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What Happened to the Tacoma Narrows Bridge?

Amy Pollick
Updated May 21, 2024
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On 7 November 1940, the big news of the day was of the total failure and collapse of the Tacoma Narrows Bridge in Washington state. The bridge quite simply tore itself apart and fell into the waters of Puget Sound. How and why it happened are questions that have only recently been adequately answered.

The Tacoma "narrows" mark the closest point on Puget Sound between the Washington coast and the Olympic Peninsula. A bridge across the narrows meant the state government could open up yet another section of the state for expansion, so they wanted to build one.

In 1930s America, the trend, especially for long structures, was the graceful suspension bridge. Architects and engineers sought the most graceful, lightest weight, slimmest designs. As a result, the Tacoma Narrows Bridge, when finished, was 5,939 feet (1,810.2 meters) long and a stick-like 39 feet (11.9 meters) wide. It was also lightweight, due to the shallow plate girders used in construction. Graceful? Undoubtedly. It opened for traffic on 1 July 1940.

The public didn’t know that the bridge had been manifesting some unusual behavior in the construction phase, but they soon got the hint that all was not well with their tall, spindly bridge. Experts had noticed unusual linear movement along the roadway when the wind rose, as it often does through the Narrows. Engineers attempted to compensate for some of this “oscillation” by installing hydraulic buffers and steel “tie-down” cables to stabilize it. Still, the center span had a habit of undulating up and down, much like a roller coaster.

Drivers soon discovered that cars in front of them seemed to disappear in "valleys," reappearing at the crest of the hill. People came from far and wide to drive on the roller coaster bridge. Locals quickly nicknamed the structure "Galloping Gertie," and it stuck.

On 7 November 1940, the state police and highway department closed the bridge to traffic at about 10 a.m., after reports of undulations 3 to 5 feet (1 to 1.5 meters) high had been reported, with winds exceeding 35 mph (56.3 kph). Fortunately, only one person was still on it, and he managed to get off before the center span collapsed. As the gathering crowd watched in fascinated horror, the center span began twisting from side to side, as well as moving up and down. Everyone watching knew the bridge could not long withstand this kind of motion.

At about 10:30 a.m., the first chunks of pavement started to fall. At 11:02, cables holding the center span started to give way, and the western section flipped over and crashed into the water. By 11:09, the remaining part of the center span was gone, as well. Galloping Gertie was no more. Only the side spans and towers remained.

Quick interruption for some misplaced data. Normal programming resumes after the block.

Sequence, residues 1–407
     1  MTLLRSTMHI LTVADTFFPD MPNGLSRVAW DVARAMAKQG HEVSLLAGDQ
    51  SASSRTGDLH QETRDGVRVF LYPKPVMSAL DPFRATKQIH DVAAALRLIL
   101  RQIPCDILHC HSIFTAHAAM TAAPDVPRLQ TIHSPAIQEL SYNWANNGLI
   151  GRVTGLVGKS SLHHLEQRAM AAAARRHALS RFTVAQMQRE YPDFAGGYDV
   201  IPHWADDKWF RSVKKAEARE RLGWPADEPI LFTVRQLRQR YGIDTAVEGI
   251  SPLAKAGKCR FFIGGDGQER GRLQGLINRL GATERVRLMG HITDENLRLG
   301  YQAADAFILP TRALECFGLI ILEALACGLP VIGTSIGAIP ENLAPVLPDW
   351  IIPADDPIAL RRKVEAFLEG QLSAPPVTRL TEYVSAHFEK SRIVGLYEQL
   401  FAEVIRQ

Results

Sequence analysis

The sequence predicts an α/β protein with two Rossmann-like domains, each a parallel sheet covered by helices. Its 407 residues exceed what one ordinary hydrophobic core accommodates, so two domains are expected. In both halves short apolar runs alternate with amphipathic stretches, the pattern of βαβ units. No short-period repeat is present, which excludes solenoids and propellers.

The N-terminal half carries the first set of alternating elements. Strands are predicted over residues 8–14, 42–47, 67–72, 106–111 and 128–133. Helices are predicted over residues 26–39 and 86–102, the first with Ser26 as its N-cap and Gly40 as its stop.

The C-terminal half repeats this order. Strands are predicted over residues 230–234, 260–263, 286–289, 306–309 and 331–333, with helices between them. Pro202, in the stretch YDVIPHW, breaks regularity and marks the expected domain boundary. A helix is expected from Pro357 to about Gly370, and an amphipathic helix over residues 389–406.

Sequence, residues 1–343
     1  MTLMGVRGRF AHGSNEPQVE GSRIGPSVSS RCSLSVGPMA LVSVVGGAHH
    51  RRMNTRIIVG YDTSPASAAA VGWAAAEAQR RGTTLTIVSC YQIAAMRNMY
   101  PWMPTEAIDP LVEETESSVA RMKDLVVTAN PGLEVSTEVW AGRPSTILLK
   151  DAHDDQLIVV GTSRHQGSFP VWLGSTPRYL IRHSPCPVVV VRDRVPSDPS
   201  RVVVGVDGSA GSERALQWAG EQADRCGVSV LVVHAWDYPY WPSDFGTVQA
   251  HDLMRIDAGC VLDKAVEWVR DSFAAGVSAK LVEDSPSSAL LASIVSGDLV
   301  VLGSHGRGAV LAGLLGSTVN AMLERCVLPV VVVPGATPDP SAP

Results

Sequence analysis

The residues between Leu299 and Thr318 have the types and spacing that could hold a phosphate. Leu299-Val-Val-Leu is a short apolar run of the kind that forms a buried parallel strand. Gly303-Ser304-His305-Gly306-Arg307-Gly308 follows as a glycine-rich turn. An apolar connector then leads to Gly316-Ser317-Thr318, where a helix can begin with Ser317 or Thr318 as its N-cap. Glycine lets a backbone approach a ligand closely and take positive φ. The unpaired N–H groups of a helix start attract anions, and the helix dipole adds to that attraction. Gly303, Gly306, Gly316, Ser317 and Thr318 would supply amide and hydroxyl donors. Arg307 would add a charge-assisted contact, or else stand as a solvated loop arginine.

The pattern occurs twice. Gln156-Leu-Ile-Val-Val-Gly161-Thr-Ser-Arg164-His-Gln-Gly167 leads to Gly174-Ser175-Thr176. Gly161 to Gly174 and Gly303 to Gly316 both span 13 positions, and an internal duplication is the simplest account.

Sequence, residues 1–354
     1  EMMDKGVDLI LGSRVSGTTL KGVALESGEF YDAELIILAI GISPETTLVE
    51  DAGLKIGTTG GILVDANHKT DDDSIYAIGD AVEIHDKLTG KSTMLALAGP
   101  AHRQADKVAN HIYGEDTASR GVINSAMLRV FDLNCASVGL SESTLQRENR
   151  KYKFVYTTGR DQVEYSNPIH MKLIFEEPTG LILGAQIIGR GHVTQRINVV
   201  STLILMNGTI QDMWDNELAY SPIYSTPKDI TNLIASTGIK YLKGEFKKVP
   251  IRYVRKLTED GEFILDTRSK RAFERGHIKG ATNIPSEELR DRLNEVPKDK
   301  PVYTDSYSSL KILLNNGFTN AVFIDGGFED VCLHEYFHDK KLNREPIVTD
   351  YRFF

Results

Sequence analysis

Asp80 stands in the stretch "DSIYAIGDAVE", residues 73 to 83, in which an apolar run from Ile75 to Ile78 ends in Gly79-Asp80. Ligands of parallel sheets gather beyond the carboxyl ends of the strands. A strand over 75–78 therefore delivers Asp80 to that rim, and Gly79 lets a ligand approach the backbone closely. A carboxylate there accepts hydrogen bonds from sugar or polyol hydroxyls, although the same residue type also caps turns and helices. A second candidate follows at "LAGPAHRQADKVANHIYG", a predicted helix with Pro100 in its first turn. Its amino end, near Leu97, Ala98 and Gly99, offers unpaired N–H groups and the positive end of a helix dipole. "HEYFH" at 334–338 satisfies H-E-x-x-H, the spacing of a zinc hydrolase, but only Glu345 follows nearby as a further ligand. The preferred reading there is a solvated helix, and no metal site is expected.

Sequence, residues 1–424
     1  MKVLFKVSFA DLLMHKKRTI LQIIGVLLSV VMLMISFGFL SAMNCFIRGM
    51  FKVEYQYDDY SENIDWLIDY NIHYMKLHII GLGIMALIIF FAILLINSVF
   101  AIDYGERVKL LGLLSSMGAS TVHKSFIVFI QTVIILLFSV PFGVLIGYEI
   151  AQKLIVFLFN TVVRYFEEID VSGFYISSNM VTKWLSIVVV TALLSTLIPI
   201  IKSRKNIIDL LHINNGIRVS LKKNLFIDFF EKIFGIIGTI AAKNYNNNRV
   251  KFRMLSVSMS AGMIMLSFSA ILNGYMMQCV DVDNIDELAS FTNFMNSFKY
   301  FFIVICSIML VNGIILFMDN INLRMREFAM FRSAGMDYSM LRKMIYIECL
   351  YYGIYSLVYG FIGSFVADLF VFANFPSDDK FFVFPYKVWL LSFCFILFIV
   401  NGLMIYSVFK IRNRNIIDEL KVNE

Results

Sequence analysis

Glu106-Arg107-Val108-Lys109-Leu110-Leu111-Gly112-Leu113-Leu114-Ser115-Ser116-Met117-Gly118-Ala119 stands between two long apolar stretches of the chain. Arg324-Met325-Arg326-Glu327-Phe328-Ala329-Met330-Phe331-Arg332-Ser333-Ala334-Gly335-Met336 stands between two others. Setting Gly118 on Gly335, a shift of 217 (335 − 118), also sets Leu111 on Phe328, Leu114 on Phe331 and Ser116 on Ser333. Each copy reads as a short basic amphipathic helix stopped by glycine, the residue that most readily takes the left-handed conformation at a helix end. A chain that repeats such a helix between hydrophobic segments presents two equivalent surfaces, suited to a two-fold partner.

So the question haunted the engineers: what happened to their bridge? An article of this scope cannot explore all the physics and aerodynamics questions involved, but the first hypothesis held that wind resonance destroyed it. Later testing and engineering models showed that this was probably not the case.

In fact, the failure of the Tacoma Narrows Bridge was a combination of many factors, including design flaws. It used shallow plate girders to decrease the weight instead of deep open stiffening trusses, which rendered the bridge less stable. Also, the structure, quite simply, was too long for its width. A wider bridge might have survived, but the roadway was too narrow to withstand the other stresses.

Aerodynamics and a strange-sounding phenomenon called "self-excitation" also played a role. As the span began to undulate and became more unstable, the instability fed more instability. Therefore, when the span started its twisting motion, it also fed the instability flames, until the structure failed. “Self-excitation” means that one thing leads to another, turning back upon itself until collapse. Film of Gertie’s collapse is available online, as are pictures of the undulating, twisting roadway. Many papers, also online, can be perused for more answers to the "why" question.

World War II and the resulting shortage of steel delayed construction of another Tacoma Narrows Bridge. The second span, of the steel cable suspension variety, opened on 14 October 1950. This time around, engineers studied and modeled designs for four years before finalizing their choices. This one wasn’t going to collapse. As a toll bridge, it paid for itself and currently features the fifth longest span in North America.

Galloping Gertie cost the state of Washington millions of dollars, but its failure revolutionized the bridge building profession. Designs now undergo rigorous testing and modeling before they are ever built, saving money and human lives.

All The Science is dedicated to providing accurate and trustworthy information. We carefully select reputable sources and employ a rigorous fact-checking process to maintain the highest standards. To learn more about our commitment to accuracy, read our editorial process.
Amy Pollick
By Amy Pollick
Amy Pollick, a talented content writer and editor, brings her diverse writing background to her work at All The Science. With experience in various roles and numerous articles under her belt, she crafts compelling content that informs and engages readers across various platforms on topics of all levels of complexity.
Discussion Comments
By anon953408 — On May 26, 2014

This article helped so much! I am doing a class project on this.

By caluwi — On Nov 16, 2009

We watched the video of this many years ago when I was in school, and I remember it vividly! It's amazing and frightening to see.

Amy Pollick
Amy Pollick
Amy Pollick, a talented content writer and editor, brings her diverse writing background to her work at All The Science...
Learn more
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